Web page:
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Charles and Diana's Wedding: See the Original Dress Sketches

The gown that launched a thousand copycats.

It's been called "the most closely guarded secret in fashion history." The details of Princess Diana's wedding dress for her June 29, 1981 nuptials to Prince Charles were so hush-hush, they were distributed to the press in sealed envelopes only to be opened at the exact moment the bride stepped into her coach bound for St. Paul's Cathedral. The designers, David and Elizabeth Emanuel, made a spare just in case the design was leaked. Today, the puff-sleeved confection is one of the most famous (albeit devisive) wedding gowns of all time, but, back in 1981, most reporters got their first glimpse of it (and the rest of the wedding party outfits) on a slip of paper. Here, those sketches and their real-life counterparts.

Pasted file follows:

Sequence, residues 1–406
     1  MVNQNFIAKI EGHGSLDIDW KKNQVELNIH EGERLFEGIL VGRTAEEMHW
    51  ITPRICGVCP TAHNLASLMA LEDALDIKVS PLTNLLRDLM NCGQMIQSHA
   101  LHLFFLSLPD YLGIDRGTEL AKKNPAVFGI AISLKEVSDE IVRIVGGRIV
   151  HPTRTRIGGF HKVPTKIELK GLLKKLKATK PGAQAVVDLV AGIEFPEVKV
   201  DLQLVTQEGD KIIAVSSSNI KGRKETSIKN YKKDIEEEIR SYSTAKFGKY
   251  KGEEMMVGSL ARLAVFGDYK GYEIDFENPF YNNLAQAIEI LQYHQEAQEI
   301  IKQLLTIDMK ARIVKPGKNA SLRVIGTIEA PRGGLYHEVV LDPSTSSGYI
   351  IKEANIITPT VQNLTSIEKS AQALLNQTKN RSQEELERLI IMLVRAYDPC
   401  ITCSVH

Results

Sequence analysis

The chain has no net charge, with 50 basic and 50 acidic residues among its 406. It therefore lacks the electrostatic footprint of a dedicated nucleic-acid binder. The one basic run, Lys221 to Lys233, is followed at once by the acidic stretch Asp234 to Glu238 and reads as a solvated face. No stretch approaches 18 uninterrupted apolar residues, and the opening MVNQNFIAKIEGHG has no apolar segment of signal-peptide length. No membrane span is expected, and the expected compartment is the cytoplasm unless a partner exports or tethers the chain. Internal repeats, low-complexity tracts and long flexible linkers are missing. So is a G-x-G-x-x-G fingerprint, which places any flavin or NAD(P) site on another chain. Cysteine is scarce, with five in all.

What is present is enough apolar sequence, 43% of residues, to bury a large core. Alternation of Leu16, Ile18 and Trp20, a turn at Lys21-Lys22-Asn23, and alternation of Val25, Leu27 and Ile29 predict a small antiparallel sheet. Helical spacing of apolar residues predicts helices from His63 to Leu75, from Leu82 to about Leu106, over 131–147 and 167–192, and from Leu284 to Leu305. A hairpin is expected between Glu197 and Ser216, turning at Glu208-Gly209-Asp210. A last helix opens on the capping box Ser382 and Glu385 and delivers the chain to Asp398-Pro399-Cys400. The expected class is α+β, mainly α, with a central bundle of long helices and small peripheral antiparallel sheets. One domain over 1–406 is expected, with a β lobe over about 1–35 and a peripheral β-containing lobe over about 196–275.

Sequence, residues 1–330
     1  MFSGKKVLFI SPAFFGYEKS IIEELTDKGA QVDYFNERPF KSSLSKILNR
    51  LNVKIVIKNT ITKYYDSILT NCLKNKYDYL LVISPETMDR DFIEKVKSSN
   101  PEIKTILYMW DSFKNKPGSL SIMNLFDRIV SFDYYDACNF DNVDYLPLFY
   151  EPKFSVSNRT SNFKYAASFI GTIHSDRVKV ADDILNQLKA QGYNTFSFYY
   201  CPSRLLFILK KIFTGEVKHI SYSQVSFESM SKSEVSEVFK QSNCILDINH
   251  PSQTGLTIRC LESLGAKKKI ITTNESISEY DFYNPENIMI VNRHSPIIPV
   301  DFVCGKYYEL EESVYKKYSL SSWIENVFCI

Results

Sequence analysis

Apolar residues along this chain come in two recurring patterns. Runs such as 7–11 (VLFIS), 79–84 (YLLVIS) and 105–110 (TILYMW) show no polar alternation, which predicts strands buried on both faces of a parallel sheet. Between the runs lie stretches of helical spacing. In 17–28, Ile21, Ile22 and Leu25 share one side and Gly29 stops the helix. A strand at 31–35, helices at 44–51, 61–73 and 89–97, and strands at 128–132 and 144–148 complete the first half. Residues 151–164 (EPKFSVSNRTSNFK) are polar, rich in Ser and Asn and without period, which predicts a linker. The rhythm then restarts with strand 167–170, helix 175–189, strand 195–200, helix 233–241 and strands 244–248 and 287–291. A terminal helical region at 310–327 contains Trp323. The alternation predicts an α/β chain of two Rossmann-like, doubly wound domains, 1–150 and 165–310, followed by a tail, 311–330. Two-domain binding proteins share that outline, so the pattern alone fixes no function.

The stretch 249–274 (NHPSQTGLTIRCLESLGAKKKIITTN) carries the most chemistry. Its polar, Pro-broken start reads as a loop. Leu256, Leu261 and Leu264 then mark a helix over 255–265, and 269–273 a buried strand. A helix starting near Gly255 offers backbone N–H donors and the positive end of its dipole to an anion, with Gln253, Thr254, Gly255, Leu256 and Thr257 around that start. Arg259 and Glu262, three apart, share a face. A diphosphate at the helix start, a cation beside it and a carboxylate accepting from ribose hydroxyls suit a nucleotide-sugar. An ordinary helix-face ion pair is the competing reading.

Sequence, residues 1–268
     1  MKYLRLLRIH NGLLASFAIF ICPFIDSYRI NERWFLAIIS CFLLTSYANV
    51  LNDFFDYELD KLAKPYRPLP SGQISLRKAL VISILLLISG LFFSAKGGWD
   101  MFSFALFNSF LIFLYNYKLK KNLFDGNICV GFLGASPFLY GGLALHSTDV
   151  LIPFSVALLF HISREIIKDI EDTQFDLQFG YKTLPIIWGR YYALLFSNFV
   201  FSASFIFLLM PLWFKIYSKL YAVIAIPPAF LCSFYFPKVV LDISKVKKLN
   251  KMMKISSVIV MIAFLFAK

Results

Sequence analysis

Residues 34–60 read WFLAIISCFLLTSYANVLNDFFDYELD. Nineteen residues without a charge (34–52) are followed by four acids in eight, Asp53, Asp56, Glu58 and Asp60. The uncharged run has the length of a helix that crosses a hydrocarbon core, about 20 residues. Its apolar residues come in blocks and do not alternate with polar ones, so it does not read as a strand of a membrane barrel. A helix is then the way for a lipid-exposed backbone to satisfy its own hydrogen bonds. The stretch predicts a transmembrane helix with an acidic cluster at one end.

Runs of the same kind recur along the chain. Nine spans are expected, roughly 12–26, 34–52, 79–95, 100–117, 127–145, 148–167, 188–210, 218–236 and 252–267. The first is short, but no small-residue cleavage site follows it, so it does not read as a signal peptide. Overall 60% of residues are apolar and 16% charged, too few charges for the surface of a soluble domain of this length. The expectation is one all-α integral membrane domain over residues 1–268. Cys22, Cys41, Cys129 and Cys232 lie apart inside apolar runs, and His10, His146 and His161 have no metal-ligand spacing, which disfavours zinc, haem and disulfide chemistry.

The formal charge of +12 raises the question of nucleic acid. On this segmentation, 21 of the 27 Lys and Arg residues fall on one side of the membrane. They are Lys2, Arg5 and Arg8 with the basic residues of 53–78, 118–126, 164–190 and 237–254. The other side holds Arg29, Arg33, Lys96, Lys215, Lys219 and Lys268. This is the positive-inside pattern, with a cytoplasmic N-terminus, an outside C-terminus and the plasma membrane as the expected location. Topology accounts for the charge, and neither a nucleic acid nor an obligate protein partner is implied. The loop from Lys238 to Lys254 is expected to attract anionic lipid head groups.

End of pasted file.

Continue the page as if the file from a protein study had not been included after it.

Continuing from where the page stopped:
DIANA'S DRESS — THE SKETCH DIANA'S DRESS — THE SKETCH The gown, which barely fit in the carriage she rode in to the ceremony, was described thusly in the original press release: "The wedding dress is made of ivory pure silk taffeta and old lace, hand-embroidered with tiny mother-of-pearl sequins and pearls. The bodice is fitted and boned with a wide frill around the gently curved neckline, and intricately embroidered lace panels on the front and back. The sleeves are full and gathered into a taffeta frill at the elbow, with an elaborately embroidered lace flounce underneath. Another lace flounce surrounds the neckline, with a taffeta bow to match those on the sleeves. The skirt of the dress is full, worn over a crinoline petticoat consisting of many layers of ivory tulle, and is trimmed around the waist and hem with embroidered lace. The sweeping train, 25 feet long and detachable, is trimmed and edged with the same sparkling lace." DIANA'S DRESS — THE REAL THING DIANA'S DRESS — THE REAL THING Moments after the dress made its debut, manufacturers went into high gear producing knock-offs. At the time, one Welsh firm said it hoped to have a $467 version available for purchase within 48 hours. After Diana's untimely death in 1997, the gown became part of a touring exhibit, "Diana: A Celebration," before being returned to Princes William and Harry in 2014, per Diana's request that certain personal items be given to her sons after both turned 30. DIANA'S SLIPPERS — THE SKETCH DIANA'S SLIPPERS — THE SKETCH Chief among Diana's accessories were her ornately decorated slippers, which took six months to make from start to finish. Here's how the press release described them: "These unique hand-made wedding slippers, created by Clive Shilton, have a tiny fluted heel complementing the elegant line and softly pointed to. The ivory silk is entirely top-stitched in a diamond design and a mother-of-pearl sequin is hand-knotted in each centre. The lace rosettes have ruffled edges surrounding a heart-shaped centre piped in gold, with delicate pearls and sequins tracing the design of the lace. The slippers are piped and the sueded soles are edged in gold; finally the waist is intricately hand-painted with special motifs."